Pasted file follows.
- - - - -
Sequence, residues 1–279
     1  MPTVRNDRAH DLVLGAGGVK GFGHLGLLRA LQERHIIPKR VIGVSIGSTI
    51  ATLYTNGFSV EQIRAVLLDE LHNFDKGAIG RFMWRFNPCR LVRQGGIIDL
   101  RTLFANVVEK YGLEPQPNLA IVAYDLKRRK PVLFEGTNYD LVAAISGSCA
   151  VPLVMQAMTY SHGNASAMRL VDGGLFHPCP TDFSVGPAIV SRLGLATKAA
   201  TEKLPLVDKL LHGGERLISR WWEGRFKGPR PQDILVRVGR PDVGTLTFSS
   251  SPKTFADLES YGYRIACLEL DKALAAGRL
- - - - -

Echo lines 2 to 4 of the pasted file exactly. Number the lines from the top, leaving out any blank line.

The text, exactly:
     1  MPTVRNDRAH DLVLGAGGVK GFGHLGLLRA LQERHIIPKR VIGVSIGSTI
    51  ATLYTNGFSV EQIRAVLLDE LHNFDKGAIG RFMWRFNPCR LVRQGGIIDL
   101  RTLFANVVEK YGLEPQPNLA IVAYDLKRRK PVLFEGTNYD LVAAISGSCA